Friday, June 4, 2010

Hansom Cab Murder Is First Blockbuster Crime Novel

 A Hansom Cab Stand by P. Stahl, 1889.

The author was a law clerk who wanted to be a playwright. When he failed miserably at it, he decided to write a novel instead. But he had no idea what to write so,

"I enquired of a leading Melbourne bookseller what style of book he sold most of. He replied that the detective stories of Gaboriau had a large sale; and as, at this time, I had never even heard of this author, I bought all his works — eleven or thereabouts — and read them carefully. The style of these stories attracted me, and I determined to write a book of the same class; containing a mystery, a murder, and a description of low life in Melbourne.

"Having completed the book, I tried to get it published, but everyone to whom I offered it refused even to look at the manuscript on the grounds that no Colonial could write anything worth reading."  

Undeterred, he finally had it privately printed.

First edition, Melbourne, 1886.

The book, published in 1886, was The Mystery of a Hansom Cab. An instant best-seller, it is considered to be “one of the most successful crime and mystery stories ever to be published” (Quayle). Its first printing of 5,000 copies sold out within weeks. Three subsequent printings, each of 10,000 copies, sold out, as well. It should have been a cash cow.

Yet it was a cash clunker for the author. 

 Fergus W. Hume.

After the initial 35,000 copies sold, Fergus W. Hume (1859-1932), born in England, raised in New Zealand, and living in Australia, sold the copyright for £50 to a character of dubious ethics, who then hot-footed it to London, established the Hansom Cab Publishing Company, had as many copies printed each month as possible, and within eighteen months of the book’s initial publication sold 250,000 books. 

In 1889, the Hansom Cab Publishing Company changed its name to Trischler & Company, Trischler being the shepherd who fleeced the lamb of his copyright. From 1889 through 1895, Trischler printed and sold 5,000 copies every month before selling the copyright to Jarrold & Son. By the turn of the century, it had been translated into twelve languages. It is the first crime novel to achieve international blockbuster status.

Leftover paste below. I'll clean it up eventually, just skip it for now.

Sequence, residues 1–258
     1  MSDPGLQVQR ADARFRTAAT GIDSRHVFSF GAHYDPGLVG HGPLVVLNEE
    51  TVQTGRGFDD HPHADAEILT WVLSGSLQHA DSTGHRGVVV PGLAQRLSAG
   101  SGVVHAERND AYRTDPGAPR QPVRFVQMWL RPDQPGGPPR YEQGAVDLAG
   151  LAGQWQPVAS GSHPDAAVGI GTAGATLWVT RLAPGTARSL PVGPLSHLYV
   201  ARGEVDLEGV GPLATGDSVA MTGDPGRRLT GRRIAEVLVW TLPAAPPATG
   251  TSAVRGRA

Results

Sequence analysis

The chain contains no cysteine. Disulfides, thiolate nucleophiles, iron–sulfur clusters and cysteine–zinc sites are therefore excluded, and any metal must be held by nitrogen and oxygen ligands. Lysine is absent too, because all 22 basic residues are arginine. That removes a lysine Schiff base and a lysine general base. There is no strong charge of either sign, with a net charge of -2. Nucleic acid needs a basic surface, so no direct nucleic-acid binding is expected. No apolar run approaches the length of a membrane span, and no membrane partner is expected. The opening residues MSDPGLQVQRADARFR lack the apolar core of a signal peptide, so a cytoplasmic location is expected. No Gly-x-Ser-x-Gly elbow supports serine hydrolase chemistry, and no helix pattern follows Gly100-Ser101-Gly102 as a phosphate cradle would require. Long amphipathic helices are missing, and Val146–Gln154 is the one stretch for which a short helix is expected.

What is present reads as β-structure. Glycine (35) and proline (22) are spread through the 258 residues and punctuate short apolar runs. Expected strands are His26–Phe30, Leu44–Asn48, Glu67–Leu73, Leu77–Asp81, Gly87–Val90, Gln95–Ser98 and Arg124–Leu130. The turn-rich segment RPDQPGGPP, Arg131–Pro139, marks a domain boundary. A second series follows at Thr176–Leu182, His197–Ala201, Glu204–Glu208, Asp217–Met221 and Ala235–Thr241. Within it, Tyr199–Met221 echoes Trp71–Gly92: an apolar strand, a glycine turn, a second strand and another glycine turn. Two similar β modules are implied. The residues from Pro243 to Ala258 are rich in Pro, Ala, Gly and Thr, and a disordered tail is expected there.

First U.K. edition, 1887.

What’s the big deal?

Hume knew how to write a page-turner. The book begins as if you’ve just tuned into an episode “ripped from the headlines,” of Law & Order, the basic facts known about the crime indeed laid out as an extract from a Melbourne newspaper: Hansom cab with murder victim inside pulls up to a police station. The victim has a chloroform-soaked silk handkerchief tied around his mouth. The assassin is unknown. Time for Samuel Gorby, of the Detective Squad, Melbourne Police, to solve the crime.

Hume wrote as if he were afraid that readers, if given an opportunity, might flee when they reached the end of each paragraph. The result was a novel that dared readers to get a snack, use the bathroom, feed the kids, go to bed.

When he learned of The Mystery of a Hansom Cab’s success in England, Hume immediately raced to London. Steamship travel being what it was, the race took a few months during which he wrote another two novels. And what did he do when he finally reached London? A fool once, a fool again: He sold the books to Tischler.

 Later edition.

He had better financial luck after getting Tischler out of his life. He made money from Madame Midas (1889) and its sequel, Miss Mephistopheles (1890) but they were tales of the Australian Gold Rush  and they, as well as everything else that Hume wrote, never achieved the fantastic success of ...Hansom Cab.

An unsolvable murder. A brilliant detective. And a novel that would lead crime fiction into the future.  Not a great book, though highly readable, its importance lies in providing a model for the modern detective  novel. “The Mystery of a Hansom Cab was published at the end of we may term the pre-Holmesian era. It appeared only a year before the first printing of A Study in Scarlet” (Quayle).

Only two copies of the first edition, first printing are known to exist. Both are at Mitchell Library,  in Sydney, Australia.

The book was adapted to film three times, in 1911, 1915, and 1925.

HUME, Fergus W. The Mystery of a Hansom Cab. Melbourne: Kemp & Boyce, 1886. First edition. Octavo. Pictorial wrappers.

Quayle, Eric. Collector's Book of Detective Fiction, pp. 51-54. Clymer & Greene, Victorian Detective Fiction pp. 123-124. Hubin p. 210. A Haycraft-Queen Cornerstone volume.

Image of Stahl's Hansom Cab Stand courtesy 1st Art Gallery.
Image of the first edition of 1886 op. cit. Quayle.


  1. I am a big fan of novels and I read this novel. I have found this novel quite good. It’s really very interesting. Great work. Keep it up.
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  2. It is my hobby to read novels. I read this novel it is a very good detective story full of mystery.
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